While the volatility in the stock market garners the attention of investors, it is also a worrisome topic for bank boards. As the Federal Reserve considers its first rate increase in close to 10 years—and China’s growth outlook continues to wane and impact economies around the world—bank boards have to consider the impact on their growth strategies, including any planned capital raises, IPOs or mergers and acquisitions.
Certainly, unexpectedly large swings in daily share prices make it difficult to price a potential M&A deal. This comes in an environment where bank M&A volume has not increased much, if at all, depending on how you look at the numbers. As you can see in the chart below, we have had just 34 deals with a value of more than $50 million year to date through Sept 7, 2015, which puts us slightly below the rate of 2014, according to Mark Fitzgibbon, a principal and the director of research at investment bank Sandler O’Neill + Partners.
Most bank deals are smaller than $50 million in value, however. In an upcoming article for BankDirector.com, Crowe Horwath LLP, a consulting and accounting firm, looked at all deal volume through June 30, 2015, and found 140 deals, slightly above last year’s volume in the same time frame of 130 deals.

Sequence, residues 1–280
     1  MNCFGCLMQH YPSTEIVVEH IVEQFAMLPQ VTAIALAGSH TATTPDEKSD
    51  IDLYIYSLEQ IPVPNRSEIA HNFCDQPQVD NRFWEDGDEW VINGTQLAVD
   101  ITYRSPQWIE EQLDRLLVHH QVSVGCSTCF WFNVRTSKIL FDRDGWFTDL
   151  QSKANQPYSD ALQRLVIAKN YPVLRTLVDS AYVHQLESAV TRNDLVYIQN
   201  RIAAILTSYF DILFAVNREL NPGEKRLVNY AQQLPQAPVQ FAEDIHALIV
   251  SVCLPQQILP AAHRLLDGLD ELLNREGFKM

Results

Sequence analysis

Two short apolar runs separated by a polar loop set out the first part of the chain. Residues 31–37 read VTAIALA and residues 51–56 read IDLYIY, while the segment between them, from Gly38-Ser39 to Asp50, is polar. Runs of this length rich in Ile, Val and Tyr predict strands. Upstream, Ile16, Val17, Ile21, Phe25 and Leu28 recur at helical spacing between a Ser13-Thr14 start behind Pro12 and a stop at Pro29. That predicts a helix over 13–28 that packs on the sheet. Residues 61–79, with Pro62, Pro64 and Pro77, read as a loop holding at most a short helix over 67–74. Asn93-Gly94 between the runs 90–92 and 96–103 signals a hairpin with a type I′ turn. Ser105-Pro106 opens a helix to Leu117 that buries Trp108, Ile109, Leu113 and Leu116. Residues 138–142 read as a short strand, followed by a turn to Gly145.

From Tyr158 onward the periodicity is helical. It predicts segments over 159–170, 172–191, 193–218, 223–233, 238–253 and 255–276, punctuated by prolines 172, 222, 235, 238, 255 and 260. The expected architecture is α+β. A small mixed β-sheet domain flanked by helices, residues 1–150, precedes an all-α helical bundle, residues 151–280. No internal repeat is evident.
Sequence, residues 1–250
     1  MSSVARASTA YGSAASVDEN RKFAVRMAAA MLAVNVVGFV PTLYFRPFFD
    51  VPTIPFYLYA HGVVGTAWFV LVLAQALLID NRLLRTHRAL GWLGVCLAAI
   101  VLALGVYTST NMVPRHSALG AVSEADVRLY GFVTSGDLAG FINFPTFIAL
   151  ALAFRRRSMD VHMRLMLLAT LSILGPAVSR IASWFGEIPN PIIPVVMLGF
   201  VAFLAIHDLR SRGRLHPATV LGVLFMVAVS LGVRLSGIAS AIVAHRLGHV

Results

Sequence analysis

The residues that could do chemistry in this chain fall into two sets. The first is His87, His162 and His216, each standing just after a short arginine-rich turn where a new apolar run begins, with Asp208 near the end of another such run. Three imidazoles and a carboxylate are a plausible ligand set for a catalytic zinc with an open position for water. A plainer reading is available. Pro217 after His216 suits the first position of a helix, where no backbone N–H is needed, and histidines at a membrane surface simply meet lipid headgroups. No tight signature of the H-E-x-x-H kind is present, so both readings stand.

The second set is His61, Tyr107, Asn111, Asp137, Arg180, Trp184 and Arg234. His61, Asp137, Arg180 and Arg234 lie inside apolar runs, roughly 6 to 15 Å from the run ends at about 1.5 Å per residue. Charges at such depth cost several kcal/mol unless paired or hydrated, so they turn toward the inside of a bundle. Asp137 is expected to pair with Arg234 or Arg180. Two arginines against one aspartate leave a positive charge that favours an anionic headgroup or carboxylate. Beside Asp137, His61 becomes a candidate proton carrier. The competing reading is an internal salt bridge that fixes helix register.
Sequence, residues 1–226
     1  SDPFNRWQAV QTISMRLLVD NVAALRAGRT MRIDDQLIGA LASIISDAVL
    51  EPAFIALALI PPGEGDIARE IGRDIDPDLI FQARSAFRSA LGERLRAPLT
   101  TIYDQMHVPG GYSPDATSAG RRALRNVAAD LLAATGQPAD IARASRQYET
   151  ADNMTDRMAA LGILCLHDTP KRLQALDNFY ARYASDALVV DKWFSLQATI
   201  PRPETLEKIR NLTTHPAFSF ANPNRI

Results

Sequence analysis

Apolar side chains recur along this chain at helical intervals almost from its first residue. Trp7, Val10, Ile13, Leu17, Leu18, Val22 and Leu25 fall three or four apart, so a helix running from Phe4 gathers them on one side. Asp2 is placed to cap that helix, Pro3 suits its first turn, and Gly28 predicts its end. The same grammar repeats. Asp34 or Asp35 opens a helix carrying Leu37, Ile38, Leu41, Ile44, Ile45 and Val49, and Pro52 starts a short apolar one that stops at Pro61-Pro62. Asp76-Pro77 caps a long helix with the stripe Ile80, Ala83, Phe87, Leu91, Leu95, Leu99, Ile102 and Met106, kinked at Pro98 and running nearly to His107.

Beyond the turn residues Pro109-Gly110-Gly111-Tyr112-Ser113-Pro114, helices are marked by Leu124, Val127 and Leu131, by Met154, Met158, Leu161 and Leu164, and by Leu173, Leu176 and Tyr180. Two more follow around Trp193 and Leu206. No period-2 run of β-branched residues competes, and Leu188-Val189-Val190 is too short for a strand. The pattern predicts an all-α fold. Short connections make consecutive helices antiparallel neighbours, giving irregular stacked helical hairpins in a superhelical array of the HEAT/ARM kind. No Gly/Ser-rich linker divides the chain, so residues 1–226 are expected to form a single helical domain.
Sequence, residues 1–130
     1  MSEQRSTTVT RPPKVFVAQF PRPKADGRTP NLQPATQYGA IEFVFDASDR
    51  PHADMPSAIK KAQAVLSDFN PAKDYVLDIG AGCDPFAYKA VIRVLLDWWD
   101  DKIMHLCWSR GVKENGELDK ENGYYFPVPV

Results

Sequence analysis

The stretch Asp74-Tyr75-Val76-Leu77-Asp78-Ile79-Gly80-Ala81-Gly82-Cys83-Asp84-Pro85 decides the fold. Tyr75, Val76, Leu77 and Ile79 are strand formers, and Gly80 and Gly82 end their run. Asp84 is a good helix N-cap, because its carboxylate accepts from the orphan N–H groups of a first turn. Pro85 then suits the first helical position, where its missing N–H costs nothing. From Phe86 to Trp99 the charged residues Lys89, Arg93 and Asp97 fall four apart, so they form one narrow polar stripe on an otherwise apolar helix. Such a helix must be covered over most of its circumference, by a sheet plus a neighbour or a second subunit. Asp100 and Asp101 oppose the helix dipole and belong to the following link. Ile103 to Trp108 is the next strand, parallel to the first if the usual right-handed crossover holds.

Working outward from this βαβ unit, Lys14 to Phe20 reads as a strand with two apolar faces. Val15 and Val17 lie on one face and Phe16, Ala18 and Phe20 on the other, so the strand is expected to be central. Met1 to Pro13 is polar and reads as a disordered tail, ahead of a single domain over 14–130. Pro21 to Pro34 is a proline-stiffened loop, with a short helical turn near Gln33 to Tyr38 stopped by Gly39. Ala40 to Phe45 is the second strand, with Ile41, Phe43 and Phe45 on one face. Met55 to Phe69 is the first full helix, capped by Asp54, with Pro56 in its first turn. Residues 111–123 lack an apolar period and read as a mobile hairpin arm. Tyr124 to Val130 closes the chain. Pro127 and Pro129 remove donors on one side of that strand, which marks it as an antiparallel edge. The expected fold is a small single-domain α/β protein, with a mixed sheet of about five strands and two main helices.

Clearly, the lion’s share of the transactions has been small bank deals, and we have not seen many large transactions this year. Fitzgibbon is of the opinion that there are three dynamics that have slowed the pace of consolidation: (a) recent market volatility makes it tough to price deals, (b) large banks have generally been more internally focused than M&A focused, and (c) regulators have been slow to approve some deals, giving pause to some buyers.
This complements the perspectives of Fred Cannon, executive vice president and global director of research at Keefe, Bruyette & Woods, who reminded me that the pace of M&A “is simply a lot slower than it was prior to the crisis, and those of us who remember pre-crisis M&A, it will likely never be the same. We don’t have national consolidators buying up banks, and regulation does not allow the same speed of consolidation we previously had.” In Cannon’s words, “volatility certainly slows deals a bit, but it postponed deals rather than stopped them.”
Contrast that with initial public offerings, which can really take a beating in a volatile market. Depending on the market and the individual bank’s potential value, it may no longer make sense to price an IPO, or it may make sense to delay it.
Here, I agree with Cannon’s assertion that a weak market is “more detrimental to IPOs than M&A. With M&A, the relative value of the buyers’ currency is often more important than the absolute level.” So if values fall for both the buyer and seller, the deal may still make sense for both of them. For potential deal making, market volatility is rarely good news, but it may not be as bad as it seems.